How can new channels get it right? He advises, “Channels have to ensure they get their penetration if they are taking the pay route. It will help if they are part of a larger network which ensures they are available to all the homes. Then they go pay and build the traction and ensure subscription and advertising revenue. Other route with the help of network they go free-to-air, build little loyalty and then go pay.”
Is the category under-monetised?
According to KPMG FICCI Report-2016, the English entertainment genre consisting of English movie channels and GECs has been growing 15-20% annually in terms of ad revenues. The movie category is currently worth Rs 700 odd crores and obviously has room for improvement. Srivastava feels it should be around Rs 2500-3000 crores. “Despite the category having takers, I think we are little under monetised as far as platforms. The price tags on a 10-second spot can be much higher. But we are getting there.”
Even Yagnik agrees, “There is a scope for further monetisation because you are reaching out to premium audience and consumption of English movies is going up.”
However, both Balakrishna and Nayyar think otherwise. “It’s not under monetised in the current state. It hasn’t reached the positioning of a Hindi, regional or GEC who get far more traction. The genre is under leveraged,” explains Balakrishna.
Nayyar says “I think this space is at par with other genre because they are getting their yield in terms of the kind of audience they are catering to.”
HD is here to stay
Analysts put the HD subscriber base at 8-10 million. Despite the slow growth the industry definitely see a growth potential in this space. “A year or two back it was 2-3 million households. Now it’s 8-10 million. So obviously there’s growth potential in this space,” assures Nayyar.
“It is going to go up. All content is going to be converted into HD. In DTH platform, HD penetration is around 25-30%. Sports, movies and GECs are increasingly watched in HD,” says Balakrishna. He adds, “4k and DTH are here to stay. OTT platforms are coming to play. They will all be used by the consumers. So consumers are growing, advertisers are increasing and spends are growing.”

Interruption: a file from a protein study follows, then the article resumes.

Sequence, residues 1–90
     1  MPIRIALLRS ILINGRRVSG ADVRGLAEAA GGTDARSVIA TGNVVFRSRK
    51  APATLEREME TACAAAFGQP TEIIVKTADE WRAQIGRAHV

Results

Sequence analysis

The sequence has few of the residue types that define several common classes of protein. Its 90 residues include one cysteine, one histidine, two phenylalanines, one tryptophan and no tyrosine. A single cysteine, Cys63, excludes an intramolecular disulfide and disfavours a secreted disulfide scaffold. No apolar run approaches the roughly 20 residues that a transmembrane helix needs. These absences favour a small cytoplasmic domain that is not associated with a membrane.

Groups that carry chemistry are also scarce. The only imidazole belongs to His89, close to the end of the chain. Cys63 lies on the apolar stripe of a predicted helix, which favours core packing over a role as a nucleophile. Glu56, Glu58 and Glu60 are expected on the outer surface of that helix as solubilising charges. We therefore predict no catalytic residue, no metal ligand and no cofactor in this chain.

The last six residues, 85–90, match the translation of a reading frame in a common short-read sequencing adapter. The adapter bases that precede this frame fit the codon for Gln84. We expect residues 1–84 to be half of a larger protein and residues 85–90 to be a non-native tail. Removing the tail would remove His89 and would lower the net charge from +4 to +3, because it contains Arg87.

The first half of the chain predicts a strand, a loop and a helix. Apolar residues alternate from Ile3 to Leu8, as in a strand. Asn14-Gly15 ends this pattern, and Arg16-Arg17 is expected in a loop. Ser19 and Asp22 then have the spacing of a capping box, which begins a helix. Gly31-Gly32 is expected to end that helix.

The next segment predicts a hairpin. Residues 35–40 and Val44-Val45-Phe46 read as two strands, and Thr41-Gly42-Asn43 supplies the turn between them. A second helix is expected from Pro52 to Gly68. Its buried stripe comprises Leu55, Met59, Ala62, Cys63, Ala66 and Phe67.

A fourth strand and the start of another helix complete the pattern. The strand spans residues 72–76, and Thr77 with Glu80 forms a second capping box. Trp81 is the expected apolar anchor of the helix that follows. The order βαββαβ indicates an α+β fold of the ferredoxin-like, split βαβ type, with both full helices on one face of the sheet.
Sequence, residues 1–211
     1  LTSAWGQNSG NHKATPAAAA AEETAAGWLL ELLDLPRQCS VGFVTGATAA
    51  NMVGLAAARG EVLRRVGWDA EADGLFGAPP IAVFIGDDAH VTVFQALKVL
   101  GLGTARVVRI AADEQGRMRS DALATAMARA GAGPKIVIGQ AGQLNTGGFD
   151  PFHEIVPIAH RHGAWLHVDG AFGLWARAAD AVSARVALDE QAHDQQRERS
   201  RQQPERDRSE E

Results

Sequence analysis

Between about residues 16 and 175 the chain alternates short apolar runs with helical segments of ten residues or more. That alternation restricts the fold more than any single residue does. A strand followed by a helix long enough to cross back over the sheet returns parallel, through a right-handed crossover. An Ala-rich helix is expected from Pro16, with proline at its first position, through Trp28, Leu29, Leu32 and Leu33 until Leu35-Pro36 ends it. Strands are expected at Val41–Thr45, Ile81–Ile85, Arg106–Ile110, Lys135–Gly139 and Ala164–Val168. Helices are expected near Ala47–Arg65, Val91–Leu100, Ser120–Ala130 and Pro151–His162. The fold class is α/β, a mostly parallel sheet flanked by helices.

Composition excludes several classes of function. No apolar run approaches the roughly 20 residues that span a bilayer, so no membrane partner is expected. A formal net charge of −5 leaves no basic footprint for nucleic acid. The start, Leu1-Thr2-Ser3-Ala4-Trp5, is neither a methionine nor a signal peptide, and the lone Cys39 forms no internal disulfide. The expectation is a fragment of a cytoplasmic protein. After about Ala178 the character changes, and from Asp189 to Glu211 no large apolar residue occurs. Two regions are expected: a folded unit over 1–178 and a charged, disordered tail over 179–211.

Long term game
But the growth potential of English as a category can’t take away the category’s shortcomings. Last year, Turner shut down its premium subscription channel HBO Defined as they did not get enough traction.
Shekhar Banerjee, COO Madison points out another dismal picture, “We are not seeing much traction on English movie genre performance even after digitization. For roughly 1000-1050 airings per channel in a quarter we see roughly 400 odd titles per channel, against that such low double digit GRPs for the entire English movie genre is definitely not a game changer. The genre is not showing signs of growth with respect of viewership, in fact we have observed most channels have cut down the number of movie titles in the last quarter. This will only further fragment the audiences.”
Moreover, the increasing cost of content acquisition (which has gone up by 40-50% for the industry over the last three years) makes it impossible for broadcasters to make enough revenues to sustain high level of investment. Nayyar adds, “English movie library is quite expensive. Channels can’t break even on one big premiere.”
Yagnik explains, “We make revenues in Rupees and payment in dollars. While there is cost increases because of competitive force on the other side you are hit by exchange rate. Combination of this makes it extremely challenging for a businessman to sustain itself unless backed by a strong advertising revenue growth. Our belief is that since the audience we are talking to is premium there is targetted advertising.”
Balakrishna adds, “This business works on repeats. The broadcasters would have bought the HD rights or perpetual rights. Those movies are now getting leveraged over multiple platforms. Players have to stay in the market, acquire the rights, build the brand and get customers’ royalty. Then only work with pricing. It’s not an easy game to play. They need a lot of investment from content marketing. It works long term.”
Banerjee also cautions, “We need to also keep in mind the rapid migration of these top end audiences to OTT and other online video platforms and targeting them through digital comes at a fraction of cost of what an advertiser pays on TV.”